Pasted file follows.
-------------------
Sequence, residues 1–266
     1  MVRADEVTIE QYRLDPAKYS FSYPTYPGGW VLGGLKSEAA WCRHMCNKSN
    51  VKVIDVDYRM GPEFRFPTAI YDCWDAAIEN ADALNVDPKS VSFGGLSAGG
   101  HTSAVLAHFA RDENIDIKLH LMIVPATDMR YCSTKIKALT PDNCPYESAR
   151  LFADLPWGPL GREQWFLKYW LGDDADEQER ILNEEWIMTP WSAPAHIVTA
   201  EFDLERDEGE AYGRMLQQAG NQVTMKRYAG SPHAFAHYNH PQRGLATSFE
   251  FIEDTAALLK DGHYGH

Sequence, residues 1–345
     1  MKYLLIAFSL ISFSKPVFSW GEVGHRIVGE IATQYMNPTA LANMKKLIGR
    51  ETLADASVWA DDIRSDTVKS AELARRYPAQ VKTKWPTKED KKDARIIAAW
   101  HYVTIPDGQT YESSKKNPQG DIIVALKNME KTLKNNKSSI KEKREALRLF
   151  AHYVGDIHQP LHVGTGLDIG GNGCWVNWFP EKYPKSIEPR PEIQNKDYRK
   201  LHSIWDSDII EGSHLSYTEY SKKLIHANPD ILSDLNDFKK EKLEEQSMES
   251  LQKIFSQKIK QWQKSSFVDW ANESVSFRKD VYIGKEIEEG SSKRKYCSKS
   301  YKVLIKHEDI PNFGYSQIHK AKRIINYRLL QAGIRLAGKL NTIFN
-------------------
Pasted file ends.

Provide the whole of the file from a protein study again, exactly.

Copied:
Sequence, residues 1–266
     1  MVRADEVTIE QYRLDPAKYS FSYPTYPGGW VLGGLKSEAA WCRHMCNKSN
    51  VKVIDVDYRM GPEFRFPTAI YDCWDAAIEN ADALNVDPKS VSFGGLSAGG
   101  HTSAVLAHFA RDENIDIKLH LMIVPATDMR YCSTKIKALT PDNCPYESAR
   151  LFADLPWGPL GREQWFLKYW LGDDADEQER ILNEEWIMTP WSAPAHIVTA
   201  EFDLERDEGE AYGRMLQQAG NQVTMKRYAG SPHAFAHYNH PQRGLATSFE
   251  FIEDTAALLK DGHYGH

Sequence, residues 1–345
     1  MKYLLIAFSL ISFSKPVFSW GEVGHRIVGE IATQYMNPTA LANMKKLIGR
    51  ETLADASVWA DDIRSDTVKS AELARRYPAQ VKTKWPTKED KKDARIIAAW
   101  HYVTIPDGQT YESSKKNPQG DIIVALKNME KTLKNNKSSI KEKREALRLF
   151  AHYVGDIHQP LHVGTGLDIG GNGCWVNWFP EKYPKSIEPR PEIQNKDYRK
   201  LHSIWDSDII EGSHLSYTEY SKKLIHANPD ILSDLNDFKK EKLEEQSMES
   251  LQKIFSQKIK QWQKSSFVDW ANESVSFRKD VYIGKEIEEG SSKRKYCSKS
   301  YKVLIKHEDI PNFGYSQIHK AKRIINYRLL QAGIRLAGKL NTIFN